AN outstanding three-try performance by Jona Nareki saw the Otago Highlanders come from behind to beat the Waikato Chiefs 39-23 in their Super Rugby Aotearoa clash in Hamilton on Friday.
MEMBERS of the Namibian Police will always retain their jobs provided they remain disciplined, loyal and committed to their work.
Police inspector general Sebastien Ndeitunga made these remarks in response to claims of unfair dismissal by a former officer.
Tombale Bushihu (38), a former police officer, who was stationed at Grootfontein Police Station and was dismissed from work following allegations of illegal hunting of huntable game as well as being in possession of arms and ammunition, claims he was unfairly treated because both the charges against him had been dropped.
Bushihu further claimed that disciplinary procedures were not followed, and that the force just dropped him like a “hot potato”.
“Constable Bushihu was discharged on cases CR21/08/2015, contravening section 27 (2) (3) and section 90 and 250 (1) of Act 51 of 1997 Hunting of Protected game, alternatively read with section 1, section 38 (2) and section 39 of the Arms and ammunition Act. The verdict was that he was acquitted on the charges on ordinance 4/1975, but found guilty on the charges of the possession of arms and ammunitions and he was fined N$10 000, which he paid,” said Ndeitunga.
Ndeitunga said Bushihu further paid an admission of guilt fine of N$2 000 on the illegal hunting charges after his docket was sent to the control prosecutor who then decided to prosecute or fix an admission of guilt fine of N$2 000.
“As per procedure, a board of enquiry was held to determine his fitness to remain in the Namibian Police or to retain his rank. Recommendations were made by a competent board after they considered the seriousness of the offence committed by the member, the interest of the force and the public. It was decided that the member be discharged in November 2019,” said Ndeitunga.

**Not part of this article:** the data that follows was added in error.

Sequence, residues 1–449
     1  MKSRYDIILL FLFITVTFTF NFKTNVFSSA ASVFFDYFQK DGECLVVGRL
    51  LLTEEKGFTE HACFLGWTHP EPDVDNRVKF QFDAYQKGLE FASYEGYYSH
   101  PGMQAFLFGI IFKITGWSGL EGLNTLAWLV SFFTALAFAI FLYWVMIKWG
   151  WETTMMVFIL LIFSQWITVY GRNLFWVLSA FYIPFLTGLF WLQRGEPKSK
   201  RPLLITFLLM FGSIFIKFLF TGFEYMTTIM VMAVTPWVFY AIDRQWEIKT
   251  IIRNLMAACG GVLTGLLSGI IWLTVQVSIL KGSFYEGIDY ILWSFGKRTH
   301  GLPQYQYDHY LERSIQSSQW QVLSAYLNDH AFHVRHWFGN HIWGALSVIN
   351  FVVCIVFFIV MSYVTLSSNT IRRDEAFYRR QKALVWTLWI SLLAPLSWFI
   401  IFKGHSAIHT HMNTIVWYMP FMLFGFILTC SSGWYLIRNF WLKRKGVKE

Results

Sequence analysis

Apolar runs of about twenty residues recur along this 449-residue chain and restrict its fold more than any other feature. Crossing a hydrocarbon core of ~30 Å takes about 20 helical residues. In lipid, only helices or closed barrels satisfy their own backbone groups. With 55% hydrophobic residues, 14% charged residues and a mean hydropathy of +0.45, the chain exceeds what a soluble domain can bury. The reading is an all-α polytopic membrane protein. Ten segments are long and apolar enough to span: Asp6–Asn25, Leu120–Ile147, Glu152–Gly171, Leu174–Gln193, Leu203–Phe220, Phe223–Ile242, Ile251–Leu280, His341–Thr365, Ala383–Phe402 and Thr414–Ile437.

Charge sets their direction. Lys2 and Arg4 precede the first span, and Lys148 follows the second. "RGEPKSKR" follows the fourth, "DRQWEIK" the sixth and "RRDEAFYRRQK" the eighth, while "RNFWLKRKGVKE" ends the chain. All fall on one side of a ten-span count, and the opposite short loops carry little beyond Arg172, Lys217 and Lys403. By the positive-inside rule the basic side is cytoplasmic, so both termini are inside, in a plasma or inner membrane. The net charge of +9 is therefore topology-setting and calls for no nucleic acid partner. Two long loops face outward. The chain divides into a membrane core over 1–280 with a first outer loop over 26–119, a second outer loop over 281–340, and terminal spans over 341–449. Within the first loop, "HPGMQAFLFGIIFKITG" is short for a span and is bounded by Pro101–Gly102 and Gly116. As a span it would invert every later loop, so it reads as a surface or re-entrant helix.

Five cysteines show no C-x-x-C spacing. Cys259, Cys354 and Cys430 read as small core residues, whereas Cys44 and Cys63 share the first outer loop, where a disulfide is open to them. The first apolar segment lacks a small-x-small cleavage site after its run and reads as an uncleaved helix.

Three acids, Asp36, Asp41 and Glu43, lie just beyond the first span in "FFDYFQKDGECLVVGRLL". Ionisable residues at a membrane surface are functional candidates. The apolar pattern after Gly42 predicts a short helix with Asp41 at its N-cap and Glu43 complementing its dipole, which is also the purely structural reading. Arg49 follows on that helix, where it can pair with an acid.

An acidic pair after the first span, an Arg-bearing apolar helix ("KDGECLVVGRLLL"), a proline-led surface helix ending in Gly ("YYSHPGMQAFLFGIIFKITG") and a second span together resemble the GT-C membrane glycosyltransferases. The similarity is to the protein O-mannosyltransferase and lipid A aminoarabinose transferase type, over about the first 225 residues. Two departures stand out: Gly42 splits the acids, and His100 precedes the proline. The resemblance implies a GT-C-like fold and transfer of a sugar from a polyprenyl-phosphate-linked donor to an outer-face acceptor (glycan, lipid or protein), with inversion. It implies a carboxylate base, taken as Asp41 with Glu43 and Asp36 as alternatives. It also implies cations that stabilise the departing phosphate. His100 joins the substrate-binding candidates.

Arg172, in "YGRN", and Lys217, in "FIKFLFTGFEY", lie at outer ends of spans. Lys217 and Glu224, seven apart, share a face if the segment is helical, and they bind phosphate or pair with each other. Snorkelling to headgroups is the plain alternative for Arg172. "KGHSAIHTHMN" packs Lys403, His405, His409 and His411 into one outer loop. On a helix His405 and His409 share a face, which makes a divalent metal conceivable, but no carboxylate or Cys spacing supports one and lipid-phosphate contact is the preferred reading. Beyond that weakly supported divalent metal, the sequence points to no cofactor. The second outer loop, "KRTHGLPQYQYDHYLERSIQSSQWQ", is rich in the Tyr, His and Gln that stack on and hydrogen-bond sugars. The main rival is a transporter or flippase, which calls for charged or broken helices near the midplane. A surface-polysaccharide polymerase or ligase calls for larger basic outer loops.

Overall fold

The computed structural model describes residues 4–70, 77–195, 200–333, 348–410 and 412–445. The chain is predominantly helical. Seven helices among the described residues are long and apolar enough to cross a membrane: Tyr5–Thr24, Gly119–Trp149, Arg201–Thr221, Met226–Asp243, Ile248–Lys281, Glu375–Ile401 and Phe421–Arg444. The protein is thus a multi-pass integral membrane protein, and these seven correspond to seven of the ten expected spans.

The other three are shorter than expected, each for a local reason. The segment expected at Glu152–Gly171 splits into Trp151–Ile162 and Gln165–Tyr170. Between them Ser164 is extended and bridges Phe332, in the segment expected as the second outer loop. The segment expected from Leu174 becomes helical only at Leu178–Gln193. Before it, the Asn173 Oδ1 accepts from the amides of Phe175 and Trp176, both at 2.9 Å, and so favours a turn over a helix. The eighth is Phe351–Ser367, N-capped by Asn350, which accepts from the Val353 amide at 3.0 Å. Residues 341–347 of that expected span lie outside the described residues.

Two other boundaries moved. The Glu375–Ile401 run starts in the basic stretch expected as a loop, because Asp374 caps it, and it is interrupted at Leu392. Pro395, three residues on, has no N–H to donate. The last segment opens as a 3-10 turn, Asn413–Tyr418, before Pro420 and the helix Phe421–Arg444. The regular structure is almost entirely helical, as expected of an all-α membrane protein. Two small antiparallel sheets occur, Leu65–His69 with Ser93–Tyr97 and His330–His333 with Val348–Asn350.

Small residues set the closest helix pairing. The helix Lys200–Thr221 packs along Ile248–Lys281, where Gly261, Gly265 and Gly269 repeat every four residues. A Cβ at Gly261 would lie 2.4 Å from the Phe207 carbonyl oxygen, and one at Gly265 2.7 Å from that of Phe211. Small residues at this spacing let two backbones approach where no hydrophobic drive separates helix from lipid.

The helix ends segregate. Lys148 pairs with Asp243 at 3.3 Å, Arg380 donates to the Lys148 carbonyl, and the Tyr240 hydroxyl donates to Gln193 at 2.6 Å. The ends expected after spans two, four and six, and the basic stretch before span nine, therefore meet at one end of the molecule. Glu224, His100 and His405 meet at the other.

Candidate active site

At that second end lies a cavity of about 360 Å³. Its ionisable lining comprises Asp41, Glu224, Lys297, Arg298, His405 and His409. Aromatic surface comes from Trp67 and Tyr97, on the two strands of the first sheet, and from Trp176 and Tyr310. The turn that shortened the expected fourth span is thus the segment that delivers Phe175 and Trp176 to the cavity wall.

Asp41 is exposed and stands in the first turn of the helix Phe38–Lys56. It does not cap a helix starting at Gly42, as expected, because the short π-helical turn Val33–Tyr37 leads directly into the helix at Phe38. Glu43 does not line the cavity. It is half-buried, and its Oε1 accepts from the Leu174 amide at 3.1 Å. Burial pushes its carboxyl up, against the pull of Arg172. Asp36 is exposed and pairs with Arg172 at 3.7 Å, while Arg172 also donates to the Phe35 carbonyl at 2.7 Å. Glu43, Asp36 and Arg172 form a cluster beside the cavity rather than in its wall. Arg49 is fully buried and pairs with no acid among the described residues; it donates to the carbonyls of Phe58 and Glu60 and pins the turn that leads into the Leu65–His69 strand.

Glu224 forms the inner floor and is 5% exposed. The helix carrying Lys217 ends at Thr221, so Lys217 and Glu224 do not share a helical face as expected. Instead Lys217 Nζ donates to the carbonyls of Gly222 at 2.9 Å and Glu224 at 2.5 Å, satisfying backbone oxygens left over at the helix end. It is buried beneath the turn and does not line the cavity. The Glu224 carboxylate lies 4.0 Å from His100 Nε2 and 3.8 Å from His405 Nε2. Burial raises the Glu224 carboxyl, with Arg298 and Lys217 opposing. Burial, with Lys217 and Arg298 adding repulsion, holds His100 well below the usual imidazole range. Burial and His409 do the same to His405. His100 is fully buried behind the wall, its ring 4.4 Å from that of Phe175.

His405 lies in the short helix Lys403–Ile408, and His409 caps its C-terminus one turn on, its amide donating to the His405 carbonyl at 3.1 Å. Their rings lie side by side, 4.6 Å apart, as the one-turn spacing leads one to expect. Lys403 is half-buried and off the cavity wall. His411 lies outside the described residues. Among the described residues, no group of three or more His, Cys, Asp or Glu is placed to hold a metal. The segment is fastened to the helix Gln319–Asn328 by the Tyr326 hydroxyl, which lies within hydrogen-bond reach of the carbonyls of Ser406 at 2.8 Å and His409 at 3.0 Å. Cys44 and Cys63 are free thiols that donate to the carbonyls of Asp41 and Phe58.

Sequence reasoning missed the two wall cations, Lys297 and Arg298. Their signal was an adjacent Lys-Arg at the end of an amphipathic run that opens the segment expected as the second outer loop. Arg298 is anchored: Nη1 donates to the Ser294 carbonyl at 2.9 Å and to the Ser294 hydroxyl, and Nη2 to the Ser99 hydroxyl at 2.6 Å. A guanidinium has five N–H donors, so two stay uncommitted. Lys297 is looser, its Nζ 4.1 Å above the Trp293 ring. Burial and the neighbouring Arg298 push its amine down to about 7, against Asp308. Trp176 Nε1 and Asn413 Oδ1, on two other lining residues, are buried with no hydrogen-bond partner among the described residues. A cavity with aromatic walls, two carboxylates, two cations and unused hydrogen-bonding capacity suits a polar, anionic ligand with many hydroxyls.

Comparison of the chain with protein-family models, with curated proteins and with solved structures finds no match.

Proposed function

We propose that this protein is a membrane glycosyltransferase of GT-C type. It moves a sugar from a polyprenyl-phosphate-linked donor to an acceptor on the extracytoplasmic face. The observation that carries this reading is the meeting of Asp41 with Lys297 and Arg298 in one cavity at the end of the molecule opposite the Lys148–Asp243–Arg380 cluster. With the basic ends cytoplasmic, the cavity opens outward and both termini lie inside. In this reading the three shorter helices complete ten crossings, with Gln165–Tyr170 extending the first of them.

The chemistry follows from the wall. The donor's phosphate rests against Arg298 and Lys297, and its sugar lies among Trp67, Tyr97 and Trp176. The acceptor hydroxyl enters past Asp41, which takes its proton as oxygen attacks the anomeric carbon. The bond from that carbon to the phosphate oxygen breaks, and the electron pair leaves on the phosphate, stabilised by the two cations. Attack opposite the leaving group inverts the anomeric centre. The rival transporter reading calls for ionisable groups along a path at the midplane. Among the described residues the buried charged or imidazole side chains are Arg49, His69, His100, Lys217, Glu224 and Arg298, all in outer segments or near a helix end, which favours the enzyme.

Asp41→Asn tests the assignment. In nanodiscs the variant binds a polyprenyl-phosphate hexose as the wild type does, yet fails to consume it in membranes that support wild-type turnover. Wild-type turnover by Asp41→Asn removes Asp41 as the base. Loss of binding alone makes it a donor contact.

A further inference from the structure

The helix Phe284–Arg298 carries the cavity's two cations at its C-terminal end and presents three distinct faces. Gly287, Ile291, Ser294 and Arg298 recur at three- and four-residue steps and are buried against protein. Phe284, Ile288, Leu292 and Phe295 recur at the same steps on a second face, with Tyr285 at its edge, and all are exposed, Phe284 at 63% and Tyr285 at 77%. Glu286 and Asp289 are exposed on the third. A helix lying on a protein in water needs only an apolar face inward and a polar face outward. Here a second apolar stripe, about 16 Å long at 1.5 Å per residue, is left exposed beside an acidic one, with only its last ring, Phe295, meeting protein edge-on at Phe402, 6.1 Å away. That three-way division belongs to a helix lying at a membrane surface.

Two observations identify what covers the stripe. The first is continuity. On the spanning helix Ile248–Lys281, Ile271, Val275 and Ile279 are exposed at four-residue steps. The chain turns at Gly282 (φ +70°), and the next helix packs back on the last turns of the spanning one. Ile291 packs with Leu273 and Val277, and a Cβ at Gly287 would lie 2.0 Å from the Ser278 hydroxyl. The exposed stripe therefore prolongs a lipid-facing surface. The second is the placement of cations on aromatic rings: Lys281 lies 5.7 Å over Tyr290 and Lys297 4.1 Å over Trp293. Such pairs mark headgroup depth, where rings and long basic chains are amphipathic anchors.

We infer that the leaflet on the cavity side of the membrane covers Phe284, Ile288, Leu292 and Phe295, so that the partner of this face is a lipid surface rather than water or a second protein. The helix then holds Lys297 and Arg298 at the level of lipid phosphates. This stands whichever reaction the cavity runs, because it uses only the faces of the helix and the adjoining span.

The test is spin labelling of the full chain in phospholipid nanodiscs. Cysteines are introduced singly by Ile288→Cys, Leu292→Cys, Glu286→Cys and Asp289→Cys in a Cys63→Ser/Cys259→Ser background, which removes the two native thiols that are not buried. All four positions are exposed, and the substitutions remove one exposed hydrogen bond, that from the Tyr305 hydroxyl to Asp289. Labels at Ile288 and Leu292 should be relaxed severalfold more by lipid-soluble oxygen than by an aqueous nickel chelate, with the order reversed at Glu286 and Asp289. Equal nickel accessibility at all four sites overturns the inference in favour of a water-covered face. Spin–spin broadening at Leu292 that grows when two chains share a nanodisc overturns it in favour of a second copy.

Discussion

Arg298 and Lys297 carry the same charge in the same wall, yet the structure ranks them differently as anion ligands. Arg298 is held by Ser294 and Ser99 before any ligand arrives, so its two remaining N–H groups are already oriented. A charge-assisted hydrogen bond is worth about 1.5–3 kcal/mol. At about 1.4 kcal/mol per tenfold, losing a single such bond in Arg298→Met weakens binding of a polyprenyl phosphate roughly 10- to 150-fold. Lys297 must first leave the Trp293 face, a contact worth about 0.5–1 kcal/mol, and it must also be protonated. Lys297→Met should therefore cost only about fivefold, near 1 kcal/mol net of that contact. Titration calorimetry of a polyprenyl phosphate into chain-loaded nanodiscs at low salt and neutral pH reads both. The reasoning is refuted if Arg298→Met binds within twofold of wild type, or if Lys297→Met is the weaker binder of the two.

“Any member who engages in any unbecoming behaviour and illegal activities that are contrary to the police mandate will be dealt with in accordance with the law and police regulations,” charged Ndeitunga .
Bushihu says back in August 2015, he went to the place were he frequently bought meat supplies, on his return home he carried the meat parcel around while visiting friends. However, some of the people who saw him became suspicious and alerted the police claiming that he had illegally hunted an antelope and had kept the meat in the house.
After searching his home, police further found a gun, which he says belonged to his uncle who is employed with the
Namibia Defence Force.
“I didn't get any feedback from the board and if they discharge you from work, one is given a grace period of one month at work. I was just told that I am no longer on the payroll, and these people had seen me at work every day but said nothing.
I only received my dismissal letter by fax after I enquired about my situation. I appealed with inspector general Sebastian Ndeitunga because one is given 14 days to appeal but up to now my appeal has not been attended to. I even personally called Ndeitunga but his response was that I was disturbing him, and that he was not the one that discharged me. His signature was, however, on the dismissal letter,” Bushihu added.
Anna Shinana is a freelance contributor to The Namibian.